How do I become a maternal child nurse?


Quick Answer

A maternity and childcare nurse, also known as a labor and delivery nurse, participates in the delivery of a new baby and supports the health of both mother and baby before, during and after childbirth. Many types of nurses work as maternity nurses, including Licensed Practical Nurses, Registered Nurses, Nurse Practitioners, Clinical Nurse Specialists and Certified Nurse Midwives. All nursing positions require at least some college and hands-on training.

Continue Reading

Full Answer

Commonly, maternity and childcare nurses also work with women who experience pre-term labor or other complications as well as with families after births in the hospital. Maternal and child health nurses also work in doctor's offices and clinics, or they visit new babies and mothers at home. The role played by nurses depends on their level of education and training. Many community colleges and vocational schools offer LPN training, which includes both classroom and practical training, and these nurses perform general care duties, such as taking vital signs. RNs have a two-year associates degree or four-year bachelor's degree from a state-approved college or university, and they must also pass a state licensing exam. RNs typically have primary patient care responsibilities under the supervision of a medical doctor. NPs, CNSs, and CNMs all have master's or doctorate degrees as well as board certification in a nursing specialty, such as midwifery. These nurses work in many settings, including medical offices, community health centers and research institutions.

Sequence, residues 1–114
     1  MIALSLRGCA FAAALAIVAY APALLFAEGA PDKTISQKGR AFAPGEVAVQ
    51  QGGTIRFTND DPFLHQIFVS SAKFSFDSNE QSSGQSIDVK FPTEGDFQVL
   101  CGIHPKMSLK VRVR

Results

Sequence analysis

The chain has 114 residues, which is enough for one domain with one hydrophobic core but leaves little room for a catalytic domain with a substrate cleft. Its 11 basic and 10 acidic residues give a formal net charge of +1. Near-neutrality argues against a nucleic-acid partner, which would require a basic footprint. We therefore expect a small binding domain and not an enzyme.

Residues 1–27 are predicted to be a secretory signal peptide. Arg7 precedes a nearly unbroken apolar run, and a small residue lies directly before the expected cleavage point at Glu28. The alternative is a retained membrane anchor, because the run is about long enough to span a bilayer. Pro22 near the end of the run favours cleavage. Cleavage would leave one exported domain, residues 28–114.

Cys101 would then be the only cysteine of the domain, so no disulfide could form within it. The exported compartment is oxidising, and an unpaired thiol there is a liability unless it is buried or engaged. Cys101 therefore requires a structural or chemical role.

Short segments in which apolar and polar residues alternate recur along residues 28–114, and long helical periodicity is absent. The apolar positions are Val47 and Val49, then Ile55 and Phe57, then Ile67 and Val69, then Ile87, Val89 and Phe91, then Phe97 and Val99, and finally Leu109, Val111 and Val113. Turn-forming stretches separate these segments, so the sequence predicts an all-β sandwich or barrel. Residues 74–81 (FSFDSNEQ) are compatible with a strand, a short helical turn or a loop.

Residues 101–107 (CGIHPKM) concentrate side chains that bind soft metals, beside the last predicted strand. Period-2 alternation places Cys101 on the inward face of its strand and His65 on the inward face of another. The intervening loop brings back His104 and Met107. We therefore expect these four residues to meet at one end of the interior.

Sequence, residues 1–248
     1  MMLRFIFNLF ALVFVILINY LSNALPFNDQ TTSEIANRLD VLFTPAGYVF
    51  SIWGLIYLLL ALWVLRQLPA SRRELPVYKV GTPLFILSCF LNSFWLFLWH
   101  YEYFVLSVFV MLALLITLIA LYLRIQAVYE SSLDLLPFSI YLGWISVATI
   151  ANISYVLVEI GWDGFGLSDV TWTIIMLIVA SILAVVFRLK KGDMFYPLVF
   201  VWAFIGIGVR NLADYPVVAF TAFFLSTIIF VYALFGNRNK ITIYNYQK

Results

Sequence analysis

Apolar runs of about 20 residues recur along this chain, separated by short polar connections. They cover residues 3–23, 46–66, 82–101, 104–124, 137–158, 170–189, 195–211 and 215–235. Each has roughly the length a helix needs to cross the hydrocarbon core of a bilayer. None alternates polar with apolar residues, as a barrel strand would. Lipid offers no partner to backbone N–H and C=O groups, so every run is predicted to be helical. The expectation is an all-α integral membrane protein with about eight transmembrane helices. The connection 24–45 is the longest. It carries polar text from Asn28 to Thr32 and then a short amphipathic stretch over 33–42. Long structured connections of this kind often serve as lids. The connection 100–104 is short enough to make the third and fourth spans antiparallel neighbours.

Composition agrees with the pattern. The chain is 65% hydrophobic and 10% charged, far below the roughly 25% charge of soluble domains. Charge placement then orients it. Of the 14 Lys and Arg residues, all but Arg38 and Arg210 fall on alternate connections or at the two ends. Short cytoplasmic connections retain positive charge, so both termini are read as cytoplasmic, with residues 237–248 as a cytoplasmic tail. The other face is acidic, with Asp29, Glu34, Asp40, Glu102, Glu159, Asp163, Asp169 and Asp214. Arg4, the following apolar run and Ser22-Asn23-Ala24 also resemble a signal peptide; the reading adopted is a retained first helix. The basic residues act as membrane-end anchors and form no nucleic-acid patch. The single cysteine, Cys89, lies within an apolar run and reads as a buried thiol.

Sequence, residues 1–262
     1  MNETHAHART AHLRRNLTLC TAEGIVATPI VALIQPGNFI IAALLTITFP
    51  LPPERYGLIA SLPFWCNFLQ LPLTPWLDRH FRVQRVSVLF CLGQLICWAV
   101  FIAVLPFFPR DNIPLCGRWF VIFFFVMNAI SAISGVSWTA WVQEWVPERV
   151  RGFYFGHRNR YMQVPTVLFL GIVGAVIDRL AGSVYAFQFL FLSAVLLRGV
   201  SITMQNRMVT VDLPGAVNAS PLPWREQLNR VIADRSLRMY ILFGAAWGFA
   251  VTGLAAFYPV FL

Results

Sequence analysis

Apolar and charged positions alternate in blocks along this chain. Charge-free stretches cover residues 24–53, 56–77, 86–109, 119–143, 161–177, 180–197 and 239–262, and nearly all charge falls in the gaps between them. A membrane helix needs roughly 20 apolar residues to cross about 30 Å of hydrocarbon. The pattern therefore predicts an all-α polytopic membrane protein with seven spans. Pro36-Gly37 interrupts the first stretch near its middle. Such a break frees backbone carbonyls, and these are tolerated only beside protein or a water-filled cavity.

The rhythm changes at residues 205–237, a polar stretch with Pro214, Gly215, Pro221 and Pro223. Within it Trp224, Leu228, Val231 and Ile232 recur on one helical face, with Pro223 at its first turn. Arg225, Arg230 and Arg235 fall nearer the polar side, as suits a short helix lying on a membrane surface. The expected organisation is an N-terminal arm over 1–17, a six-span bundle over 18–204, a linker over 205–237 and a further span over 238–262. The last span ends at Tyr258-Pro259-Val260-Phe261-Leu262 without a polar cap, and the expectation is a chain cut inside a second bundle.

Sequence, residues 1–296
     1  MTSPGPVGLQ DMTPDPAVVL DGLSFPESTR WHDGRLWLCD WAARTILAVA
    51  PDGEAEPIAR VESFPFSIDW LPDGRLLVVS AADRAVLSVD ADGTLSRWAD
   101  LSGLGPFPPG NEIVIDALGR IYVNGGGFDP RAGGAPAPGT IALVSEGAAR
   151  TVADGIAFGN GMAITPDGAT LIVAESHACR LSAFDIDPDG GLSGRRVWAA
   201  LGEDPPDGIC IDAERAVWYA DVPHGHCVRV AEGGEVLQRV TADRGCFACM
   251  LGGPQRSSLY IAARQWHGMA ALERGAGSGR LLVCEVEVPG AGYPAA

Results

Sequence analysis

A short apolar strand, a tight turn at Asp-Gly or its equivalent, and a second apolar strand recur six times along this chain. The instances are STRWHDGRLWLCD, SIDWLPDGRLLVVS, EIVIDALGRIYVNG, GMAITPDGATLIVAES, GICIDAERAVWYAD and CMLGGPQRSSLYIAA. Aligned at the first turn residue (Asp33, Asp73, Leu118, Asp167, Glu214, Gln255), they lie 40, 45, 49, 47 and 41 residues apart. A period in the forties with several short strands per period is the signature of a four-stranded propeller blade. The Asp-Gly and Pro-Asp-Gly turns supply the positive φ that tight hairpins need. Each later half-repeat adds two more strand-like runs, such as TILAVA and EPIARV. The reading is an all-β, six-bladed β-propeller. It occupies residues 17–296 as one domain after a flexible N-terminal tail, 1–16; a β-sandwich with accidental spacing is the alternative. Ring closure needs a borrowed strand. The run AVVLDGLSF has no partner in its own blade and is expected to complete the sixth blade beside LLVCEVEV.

Learn more about Careers

Related Questions